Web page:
Rob Sears and Loren Taylor

Top tips for Gary and Darren for upcoming Run Norwich from England England Athletics Coaches in Running Fitness

June 19, 2019 (Posted 2 years ago) • Company News

As previously mentioned, our Managing Director Gary Powers is participating in Run Norwich on July 21st. Gary along with his good friend, Darren Robinson from Evolve Electrical are raising funds for the Community Sports Foundation. If you would like to help them in raising some money you can donate directly on their Run Norwich Fundraising Page.

With Run Norwich creeping up, running coaches Rob Sears and Loren Taylor from Focus 4 Fitness, based in Norwich, have come up with their top tips for getting prepared for a 10km race and a few pearls of wisdom specifically for Run Norwich.

Rob and Loren are both England Athletics Coaches in Running Fitness, Running Coaches at Norwich Road Runners and Coaches at Wikiwiki Triathlon.

Get Ready for Run Norwich 10KM

A 10km running race or 6.25 miles, is a popular distance for runners of all ages because the training and recovery times are much shorter than those for a half or full marathon.

Rob’s Top Tips:

  • Make sure you do cross training 2 days per week. Cycling, Pilates, yoga, swimming, lifting weights or core work will increase your peripheral fitness levels, develop strength in key areas and most importantly it will increase your resistance to injury.
  • Rest 2 days per week. Rest days give your body time to recover and adapt from the training stimulus you’ve exposed it to. Rest can be active as long as the activity is light such as stretching, yoga, gentle swimming or walking.
  • Sleep tight. As well as rest days a good amount of deep, uninterrupted sleep is also key for repair and adaptation. Power naps can be very useful on training days, just keep them short and sweet 20-30 minutes maximum!
  • Don’t slack on your flexibility & mobility work. The 2 most common mistakes I see in runners is neglect of strength & conditioning training and neglect of flexibility & mobility work. In the run up to race day you should be aiming to do 10-20 minutes of this every-day. This can be made up of stretching, foam rolling, massage ball work.
  • Ensure you warm-up and cool-down after every run. Make sure your warm-up, does exactly that, warm you up. A gentle walk or easy first mile before hitting your training pace is not a good enough warm up. Search online for dynamic running warm-ups and make sure that you embrace these movement-based stretches. The warm-up should last 10-15 minutes.

Cool down is for cooling you down! Static based stretches where you hold each stretch for 15-20 seconds is perfect for calming your system down and returning you to a normal state. Spend 5-10 minutes doing this.

Loren’s Top Tips:

  • Invest in a good pair of running shoes. Get yourself to a specialist running shoe shop such as Sportlink, get your running gait analysed and try a few pairs of shoes to see which ones suit you best.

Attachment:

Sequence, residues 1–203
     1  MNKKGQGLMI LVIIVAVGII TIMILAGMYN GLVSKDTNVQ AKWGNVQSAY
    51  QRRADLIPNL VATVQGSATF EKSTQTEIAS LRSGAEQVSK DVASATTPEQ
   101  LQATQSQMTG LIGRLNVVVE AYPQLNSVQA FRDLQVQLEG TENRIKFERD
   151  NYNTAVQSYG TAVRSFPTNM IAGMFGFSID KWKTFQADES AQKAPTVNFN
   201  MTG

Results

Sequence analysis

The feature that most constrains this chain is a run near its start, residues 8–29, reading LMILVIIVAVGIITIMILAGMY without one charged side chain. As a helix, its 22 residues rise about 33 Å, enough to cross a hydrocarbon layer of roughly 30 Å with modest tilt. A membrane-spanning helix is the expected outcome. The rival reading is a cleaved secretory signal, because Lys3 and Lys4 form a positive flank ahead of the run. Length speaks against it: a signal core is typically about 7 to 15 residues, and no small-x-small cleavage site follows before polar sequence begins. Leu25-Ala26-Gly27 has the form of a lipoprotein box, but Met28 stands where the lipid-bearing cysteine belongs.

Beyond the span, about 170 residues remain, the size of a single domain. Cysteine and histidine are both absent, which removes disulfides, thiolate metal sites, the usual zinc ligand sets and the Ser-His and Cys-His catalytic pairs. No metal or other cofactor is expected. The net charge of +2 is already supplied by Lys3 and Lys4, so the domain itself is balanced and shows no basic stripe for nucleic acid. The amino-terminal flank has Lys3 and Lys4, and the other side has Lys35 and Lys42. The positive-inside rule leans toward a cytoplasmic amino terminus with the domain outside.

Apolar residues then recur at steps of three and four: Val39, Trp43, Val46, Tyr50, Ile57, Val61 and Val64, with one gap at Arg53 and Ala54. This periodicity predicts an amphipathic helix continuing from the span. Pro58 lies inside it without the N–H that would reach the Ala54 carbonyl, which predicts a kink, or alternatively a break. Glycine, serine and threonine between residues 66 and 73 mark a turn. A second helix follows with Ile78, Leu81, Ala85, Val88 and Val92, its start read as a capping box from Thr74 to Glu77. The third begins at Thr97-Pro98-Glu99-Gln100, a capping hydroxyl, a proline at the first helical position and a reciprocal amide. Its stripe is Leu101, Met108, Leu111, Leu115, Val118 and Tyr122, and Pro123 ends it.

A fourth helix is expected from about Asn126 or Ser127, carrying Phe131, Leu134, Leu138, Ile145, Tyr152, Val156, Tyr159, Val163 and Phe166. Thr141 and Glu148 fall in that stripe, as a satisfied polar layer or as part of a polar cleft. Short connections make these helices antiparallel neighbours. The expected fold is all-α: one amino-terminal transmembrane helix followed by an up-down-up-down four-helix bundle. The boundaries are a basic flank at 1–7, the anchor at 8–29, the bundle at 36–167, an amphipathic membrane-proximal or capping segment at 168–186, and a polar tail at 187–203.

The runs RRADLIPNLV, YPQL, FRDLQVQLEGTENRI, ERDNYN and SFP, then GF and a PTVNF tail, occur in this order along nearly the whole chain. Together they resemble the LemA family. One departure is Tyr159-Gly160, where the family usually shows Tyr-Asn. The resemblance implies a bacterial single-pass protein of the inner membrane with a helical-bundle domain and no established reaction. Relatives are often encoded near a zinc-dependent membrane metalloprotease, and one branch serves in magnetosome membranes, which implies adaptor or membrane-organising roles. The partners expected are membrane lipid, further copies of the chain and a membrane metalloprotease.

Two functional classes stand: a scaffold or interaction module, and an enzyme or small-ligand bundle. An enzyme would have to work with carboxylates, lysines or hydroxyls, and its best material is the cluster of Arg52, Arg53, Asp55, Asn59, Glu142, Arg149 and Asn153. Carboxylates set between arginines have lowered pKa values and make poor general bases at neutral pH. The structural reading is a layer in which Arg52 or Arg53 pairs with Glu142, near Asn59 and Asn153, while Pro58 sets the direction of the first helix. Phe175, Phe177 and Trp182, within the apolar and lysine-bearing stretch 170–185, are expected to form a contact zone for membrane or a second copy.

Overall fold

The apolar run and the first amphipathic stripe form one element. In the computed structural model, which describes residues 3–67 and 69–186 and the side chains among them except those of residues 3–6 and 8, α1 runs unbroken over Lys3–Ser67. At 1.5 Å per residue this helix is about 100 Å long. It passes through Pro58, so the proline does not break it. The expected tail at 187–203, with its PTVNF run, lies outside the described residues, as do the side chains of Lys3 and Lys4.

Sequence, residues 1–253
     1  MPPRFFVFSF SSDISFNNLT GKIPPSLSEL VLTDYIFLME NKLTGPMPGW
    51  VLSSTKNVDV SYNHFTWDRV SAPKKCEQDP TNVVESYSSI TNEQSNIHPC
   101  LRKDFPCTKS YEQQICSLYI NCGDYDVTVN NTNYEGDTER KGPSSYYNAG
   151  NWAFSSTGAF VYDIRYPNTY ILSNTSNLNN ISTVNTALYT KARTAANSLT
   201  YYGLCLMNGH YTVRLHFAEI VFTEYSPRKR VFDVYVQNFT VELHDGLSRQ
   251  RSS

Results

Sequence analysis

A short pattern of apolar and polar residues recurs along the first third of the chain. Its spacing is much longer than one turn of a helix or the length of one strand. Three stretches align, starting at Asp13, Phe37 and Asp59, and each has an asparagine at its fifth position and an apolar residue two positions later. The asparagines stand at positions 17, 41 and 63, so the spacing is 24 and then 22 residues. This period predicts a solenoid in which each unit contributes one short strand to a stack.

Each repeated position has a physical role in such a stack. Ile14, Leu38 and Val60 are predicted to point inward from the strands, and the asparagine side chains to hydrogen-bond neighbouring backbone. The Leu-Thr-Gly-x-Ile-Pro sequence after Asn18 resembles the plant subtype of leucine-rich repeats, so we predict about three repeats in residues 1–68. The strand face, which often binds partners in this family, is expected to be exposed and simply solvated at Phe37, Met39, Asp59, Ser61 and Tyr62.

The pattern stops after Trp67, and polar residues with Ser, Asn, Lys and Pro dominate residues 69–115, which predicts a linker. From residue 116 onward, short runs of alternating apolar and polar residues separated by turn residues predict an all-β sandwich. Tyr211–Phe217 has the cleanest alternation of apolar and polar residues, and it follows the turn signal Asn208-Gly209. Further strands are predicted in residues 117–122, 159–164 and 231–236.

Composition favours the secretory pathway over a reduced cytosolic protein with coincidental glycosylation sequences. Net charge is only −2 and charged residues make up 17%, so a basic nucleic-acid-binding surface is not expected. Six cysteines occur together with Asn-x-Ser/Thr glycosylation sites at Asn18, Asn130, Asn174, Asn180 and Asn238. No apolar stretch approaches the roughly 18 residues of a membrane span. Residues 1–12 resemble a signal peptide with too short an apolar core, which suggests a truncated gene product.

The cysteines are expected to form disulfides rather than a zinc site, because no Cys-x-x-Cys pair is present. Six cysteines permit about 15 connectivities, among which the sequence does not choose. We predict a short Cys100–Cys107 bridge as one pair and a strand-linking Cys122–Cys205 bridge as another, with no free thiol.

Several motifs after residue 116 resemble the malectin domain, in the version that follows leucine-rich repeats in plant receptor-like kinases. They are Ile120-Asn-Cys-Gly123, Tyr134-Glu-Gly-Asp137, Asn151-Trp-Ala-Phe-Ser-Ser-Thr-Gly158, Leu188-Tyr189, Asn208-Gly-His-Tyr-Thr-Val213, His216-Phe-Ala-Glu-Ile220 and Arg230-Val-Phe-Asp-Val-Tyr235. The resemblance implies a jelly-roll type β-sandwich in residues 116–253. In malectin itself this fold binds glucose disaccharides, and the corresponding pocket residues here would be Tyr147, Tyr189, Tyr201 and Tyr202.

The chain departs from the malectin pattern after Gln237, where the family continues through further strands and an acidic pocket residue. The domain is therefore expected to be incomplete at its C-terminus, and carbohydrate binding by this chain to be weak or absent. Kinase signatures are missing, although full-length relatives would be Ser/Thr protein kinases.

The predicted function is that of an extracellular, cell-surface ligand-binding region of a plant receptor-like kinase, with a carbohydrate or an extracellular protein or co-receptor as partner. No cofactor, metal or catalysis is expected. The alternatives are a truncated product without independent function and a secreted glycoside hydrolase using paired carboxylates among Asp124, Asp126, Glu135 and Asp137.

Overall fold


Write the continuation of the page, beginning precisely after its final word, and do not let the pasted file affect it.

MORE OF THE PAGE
• Make sure you pace yourself. It’s very easy to go out too hard at the start of a race and run the risk of emptying the fuel tank for the end part of the race. Make sure you know what pace you can sustain over the distance and stick to it!
  • Fuel appropriately for the task at hand. Everyone gets nervous on race day, but don’t let that be an excuse for not eating breakfast. Use your long training runs to practise your race day breakfast so you’re not trying anything new on the big day.
  • Factor in the weather! Be sure to keep an eye on the race day conditions in the week running up to your race. Make sure you have plans in place for extreme heat, cold or rain etc – we all know how temperamental British weather can be!! If it’s going to be hot, take your own water provisions. If it’s going to be cold, take a running jacket.
  • Be consistent. A good performance on race day is underpinned by steady, sensible and consistent training. Consistency in running is achieved by setting a plan that is appropriate to your ability, factors in your previous running experience and doesn’t demand too much of you too quickly. Don’t take on Mo Farrah’s 10km training plan of this is your first race!

Top Tips for a Good Run Norwich:

  • Learn the course. Knowledge is key. Learn about the profile of the course (all of the hills, come in the second half!). If you can reccy some or all of the route, this will give you confidence on race day.
  • Don’t neglect hills in training. Whoever said Norfolk is flat has never participated in Run Norwich! The course is hilly and demanding so make sure you spend a little bit of your training time perfecting a technique for running up hills efficiently. This might mean getting up on your toes for the quick runners and walking up hills but running as soon as you get over the top for slower runners. Ultimately the decisions is yours, but there is always plenty of support to get you up and over as quickly as possible.
  • Arrive early. Run Norwich is a very busy event so give yourself plenty of time to place your bag in the bag drop, go to the toilet and find your place in the race queue.
  • Don’t let the crowds carry you away. Run Norwich is one of the best supported races in the country. However, make sure you stick to your pacing plan and don’t get pulled along by faster runners and encouragement from onlookers. It is very easy to get distracted and pumped up by everyone cheering you on but remember, 10 kilometres is a long way so save some energy for a sprint finish.
  • Smile! All your hard work in training has led to this moment, so take in the atmosphere, high-five some supporters but above all else, make the most of your Run Norwich experience.

Found this useful? Please donate a little to Gary’s and Darren’s Run Norwich Fundraising Page.


Focus 4 Fitness – Norwich offers sports therapy, personal training and running & triathlon coaching. For more information, head to